Presentation on theme: "EU KLEMS project on Productivity in the European Union Bart van Ark Presentation at NAWG Meeting Luxembourg, 15 May 2007 This project is funded by the."— Presentation transcript:
EU KLEMS project on Productivity in the European Union Bart van Ark Presentation at NAWG Meeting Luxembourg, 15 May 2007 This project is funded by the European Commission, Research Directorate General as part of the 6th Framework Programme, Priority 8, "Policy Support and Anticipating Scientific and Technological Needs".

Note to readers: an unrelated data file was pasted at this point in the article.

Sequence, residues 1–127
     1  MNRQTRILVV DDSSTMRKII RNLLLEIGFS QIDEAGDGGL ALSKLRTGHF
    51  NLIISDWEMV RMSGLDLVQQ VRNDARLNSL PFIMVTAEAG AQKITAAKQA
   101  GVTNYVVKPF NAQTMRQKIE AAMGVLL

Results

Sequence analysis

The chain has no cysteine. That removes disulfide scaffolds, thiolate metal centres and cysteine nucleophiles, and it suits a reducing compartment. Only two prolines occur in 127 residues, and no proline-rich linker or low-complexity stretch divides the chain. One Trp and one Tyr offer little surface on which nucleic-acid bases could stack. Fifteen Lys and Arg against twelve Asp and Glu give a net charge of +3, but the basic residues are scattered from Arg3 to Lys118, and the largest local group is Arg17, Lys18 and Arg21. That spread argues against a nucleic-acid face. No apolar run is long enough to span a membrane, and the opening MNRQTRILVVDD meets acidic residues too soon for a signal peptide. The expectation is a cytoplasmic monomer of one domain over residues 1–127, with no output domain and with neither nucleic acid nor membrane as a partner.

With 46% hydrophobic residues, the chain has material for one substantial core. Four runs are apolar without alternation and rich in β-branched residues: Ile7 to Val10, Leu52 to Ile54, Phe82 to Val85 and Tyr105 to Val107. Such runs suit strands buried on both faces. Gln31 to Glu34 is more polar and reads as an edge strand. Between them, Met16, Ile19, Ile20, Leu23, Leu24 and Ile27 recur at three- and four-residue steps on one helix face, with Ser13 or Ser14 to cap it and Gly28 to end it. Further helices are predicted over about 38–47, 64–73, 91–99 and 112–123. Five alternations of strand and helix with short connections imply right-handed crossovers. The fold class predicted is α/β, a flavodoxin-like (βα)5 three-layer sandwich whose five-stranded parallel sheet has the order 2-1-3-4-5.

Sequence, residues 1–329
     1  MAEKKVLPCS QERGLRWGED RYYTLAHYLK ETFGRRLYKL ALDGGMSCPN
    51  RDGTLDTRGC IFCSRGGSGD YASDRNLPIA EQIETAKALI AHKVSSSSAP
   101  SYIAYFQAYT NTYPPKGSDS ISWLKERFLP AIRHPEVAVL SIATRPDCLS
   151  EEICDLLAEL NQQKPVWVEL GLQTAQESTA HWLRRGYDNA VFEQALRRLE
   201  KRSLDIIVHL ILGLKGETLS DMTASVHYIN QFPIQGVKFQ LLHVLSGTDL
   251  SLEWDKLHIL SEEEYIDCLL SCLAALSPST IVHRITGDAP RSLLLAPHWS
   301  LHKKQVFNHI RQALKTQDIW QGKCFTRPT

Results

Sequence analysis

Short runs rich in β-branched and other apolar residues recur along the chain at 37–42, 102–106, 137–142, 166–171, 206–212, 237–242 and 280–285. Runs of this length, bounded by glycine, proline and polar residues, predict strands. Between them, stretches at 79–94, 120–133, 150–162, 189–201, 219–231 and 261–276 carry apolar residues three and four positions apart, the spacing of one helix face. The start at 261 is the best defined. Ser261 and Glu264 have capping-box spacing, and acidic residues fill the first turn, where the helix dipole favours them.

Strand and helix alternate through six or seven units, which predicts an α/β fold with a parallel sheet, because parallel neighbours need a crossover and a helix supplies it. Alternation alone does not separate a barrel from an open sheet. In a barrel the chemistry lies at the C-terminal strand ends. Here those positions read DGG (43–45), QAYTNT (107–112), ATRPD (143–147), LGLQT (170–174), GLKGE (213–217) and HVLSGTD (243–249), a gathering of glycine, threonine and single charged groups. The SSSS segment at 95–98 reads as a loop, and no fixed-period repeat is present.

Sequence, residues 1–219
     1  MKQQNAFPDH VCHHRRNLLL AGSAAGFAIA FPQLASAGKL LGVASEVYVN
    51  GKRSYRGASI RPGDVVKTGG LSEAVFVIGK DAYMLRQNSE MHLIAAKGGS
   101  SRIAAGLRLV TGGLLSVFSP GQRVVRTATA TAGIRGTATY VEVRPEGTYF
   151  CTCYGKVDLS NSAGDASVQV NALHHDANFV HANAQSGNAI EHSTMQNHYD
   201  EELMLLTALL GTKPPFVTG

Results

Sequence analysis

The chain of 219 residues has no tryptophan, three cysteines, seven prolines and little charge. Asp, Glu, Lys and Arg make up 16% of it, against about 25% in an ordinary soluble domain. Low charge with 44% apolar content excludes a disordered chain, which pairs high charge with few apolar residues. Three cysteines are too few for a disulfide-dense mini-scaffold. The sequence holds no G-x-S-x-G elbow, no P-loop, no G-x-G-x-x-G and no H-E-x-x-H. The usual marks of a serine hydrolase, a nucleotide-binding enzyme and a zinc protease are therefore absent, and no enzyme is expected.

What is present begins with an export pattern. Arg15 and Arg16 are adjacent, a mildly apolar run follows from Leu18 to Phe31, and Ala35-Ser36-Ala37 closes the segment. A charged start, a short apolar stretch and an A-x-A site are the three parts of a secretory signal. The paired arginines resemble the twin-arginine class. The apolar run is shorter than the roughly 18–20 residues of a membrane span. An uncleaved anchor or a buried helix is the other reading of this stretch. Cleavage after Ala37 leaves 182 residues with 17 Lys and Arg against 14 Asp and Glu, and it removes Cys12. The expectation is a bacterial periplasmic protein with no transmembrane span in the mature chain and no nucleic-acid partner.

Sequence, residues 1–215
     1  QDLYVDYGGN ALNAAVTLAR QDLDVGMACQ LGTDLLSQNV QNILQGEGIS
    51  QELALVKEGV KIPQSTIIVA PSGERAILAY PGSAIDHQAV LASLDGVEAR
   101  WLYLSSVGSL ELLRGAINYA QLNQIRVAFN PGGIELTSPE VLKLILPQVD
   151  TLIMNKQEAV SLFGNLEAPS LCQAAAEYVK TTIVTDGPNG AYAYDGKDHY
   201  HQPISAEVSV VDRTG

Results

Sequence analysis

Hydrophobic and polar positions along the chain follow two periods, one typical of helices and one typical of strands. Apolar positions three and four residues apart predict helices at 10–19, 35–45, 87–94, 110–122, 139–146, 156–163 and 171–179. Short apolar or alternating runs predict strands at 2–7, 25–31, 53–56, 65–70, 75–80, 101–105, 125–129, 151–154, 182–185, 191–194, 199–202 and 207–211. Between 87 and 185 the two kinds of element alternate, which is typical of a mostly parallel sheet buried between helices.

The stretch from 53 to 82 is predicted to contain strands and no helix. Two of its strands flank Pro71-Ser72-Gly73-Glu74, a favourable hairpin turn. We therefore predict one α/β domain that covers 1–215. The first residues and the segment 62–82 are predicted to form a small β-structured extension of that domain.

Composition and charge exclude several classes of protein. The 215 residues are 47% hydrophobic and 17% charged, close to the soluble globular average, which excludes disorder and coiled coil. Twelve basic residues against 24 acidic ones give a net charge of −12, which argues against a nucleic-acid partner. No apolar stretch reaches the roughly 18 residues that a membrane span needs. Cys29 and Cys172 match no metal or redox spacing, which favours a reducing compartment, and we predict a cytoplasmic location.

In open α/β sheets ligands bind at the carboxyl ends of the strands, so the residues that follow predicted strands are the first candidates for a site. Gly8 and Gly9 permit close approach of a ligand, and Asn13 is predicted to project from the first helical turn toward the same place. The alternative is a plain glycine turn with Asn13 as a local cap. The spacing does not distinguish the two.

End of March 2006: restricted release of preliminary analytical database March-September 2006: Feedback phase from NSIs until September 2006, incl. bilateral meetings, workshops, etc. November 2006: very restricted release of draft version of first public release December-January 2006: additional feedback from NSIs and European Commission and suggestions for statistical module (letter Eurostat/EU KLEMS, 29 Nov 2006) 11 January: approval of first public release by EU KLEMS data coordination group Early March: green light from DG ECFIN and DG Research for release at Commission premises in Brussels Release events: 15 March 2007: public release in Brussels in presence of DG Eurostat and Commissioner ECFIN + website Eurostat for statistical module 19 March 2007: release event at European Central Bank 29 March 2007: release at Economic Policy Council, Brussels Milestones on EU KLEMS Database March 2006 – May 2007